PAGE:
The first problem we encountered was chainring clearance. On a MTB frame, the chain stays flare out sooner than on a road frame. The frames are like this for durability and the biggest chainring that “should” be spec’d on the frame is a 44 tooth, not a 53! We turned to Calfee Designs to make the custom carbon fiber modifications to the drive side chain stay. Working with them closely, we found that by carving out the amount of carbon needed to gain the clearance for the rings, the stay on the opposite side would need to be reinforced. This would then result in tire clearance issues. Joe wanted to stick to the 2.25 Kenda tires so we knew we’d be cutting it close. The overall strength factor was in question as well. Calfee solved this by thickening the inside wall of the stay. All in all Calfee pulled it off in just under 2 months and with flying colors! The resulting modifications looked totally “factory,” and were done to the millimeter in spec! Once the Zipp Vuma Quad BB30 was spaced and the Q factor was checked out, we were in business.

Next up on the list was the removal of the logos on the wheels. Joe wanted them to be removed while still retaining the factory surface finish. This is not as easy as it sounds. The Easton logos are of the permanent type of water slide ink. The only way to get them off is to wet sand. After hours of sanding to remove the logos, the rim surface needed to be sanded a second time with 600 grit paper to regain the carbon luster and then they were buffed. The end result was perfect!

As work continued and the frame was about to become a bike, Joe made the biggest change yet. With the premise of running all the cabling internally, why not make this bad boy an electric shifting bike? The electronic shift system from K-Edge is a modified Shimano Di2 road kit. The group would replace the Di2 front derailleur and custom Di2 rear derailleur as well as the shifters with Ki2 mounting. However, running the cables in a non-Di2 frame required a custom made Di2 wiring harness. After mapping out the cable path and drilling the corresponding cable holes, the custom harness was passed through the frame one piece at a time. Then each cable was soldered back together, sealed and then tucked away in the down tube.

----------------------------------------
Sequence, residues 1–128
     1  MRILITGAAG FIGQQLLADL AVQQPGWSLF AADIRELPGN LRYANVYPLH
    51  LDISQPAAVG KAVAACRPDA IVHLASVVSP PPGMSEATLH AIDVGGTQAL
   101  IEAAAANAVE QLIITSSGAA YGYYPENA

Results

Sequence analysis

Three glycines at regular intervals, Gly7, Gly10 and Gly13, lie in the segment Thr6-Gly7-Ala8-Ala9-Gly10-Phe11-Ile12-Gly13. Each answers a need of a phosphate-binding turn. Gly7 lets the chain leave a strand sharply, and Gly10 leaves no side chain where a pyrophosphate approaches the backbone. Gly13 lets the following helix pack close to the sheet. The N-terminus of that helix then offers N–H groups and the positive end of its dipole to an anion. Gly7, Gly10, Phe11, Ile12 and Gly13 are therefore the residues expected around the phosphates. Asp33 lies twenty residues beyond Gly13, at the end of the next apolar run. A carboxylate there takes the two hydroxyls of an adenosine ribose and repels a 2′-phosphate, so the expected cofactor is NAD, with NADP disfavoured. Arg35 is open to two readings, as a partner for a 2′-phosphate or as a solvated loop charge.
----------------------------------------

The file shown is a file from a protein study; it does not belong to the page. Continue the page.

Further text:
After 6 months of waiting for parts and an untold number of hours of assembly the new ride was ready for delivery. Joe was stoked to see the end result and how well the bike fit. But the big question was - how much did it weigh? With a required goal of under 23 lbs, the now dubbed “Honey Badger” weighed in at 18.5 lbs with pedals! It became the perfect definition of a custom build. Where most shops would stop at non-compatibility, creating custom work is to push passed the simple plug and play and make it happen! As a seasoned rider, Joe knew what he wanted, and what would work for him - not something that was “close.” It was “all or nothing” and we are happy to have made it a reality! Joe has since logged over one thousand miles on The Honey Badger, with only the most minor of adjustments/changes. He derives special pleasure out of passing the “road bike guys” and seeing the look on their faces when they think they’ve been passed by a mountain bike!

We would like to give special thanks to our dear friend Joe Ganzler for allowing us to take part in the creation of his dream bike. We hope to ride with you one of these days and complete what we are sure will be a fantastic ride with a cold beverage!
We would also like to thank the wonderful people at Calfee Designs and AceCo Sport Group/K-Edge for their time and hard work. Your customer service to your dealers and attention to detail is what sets you apart in this industry!

Build Specs:
Frame: Niner Jet 9 RDO Tang Orange Large Frameset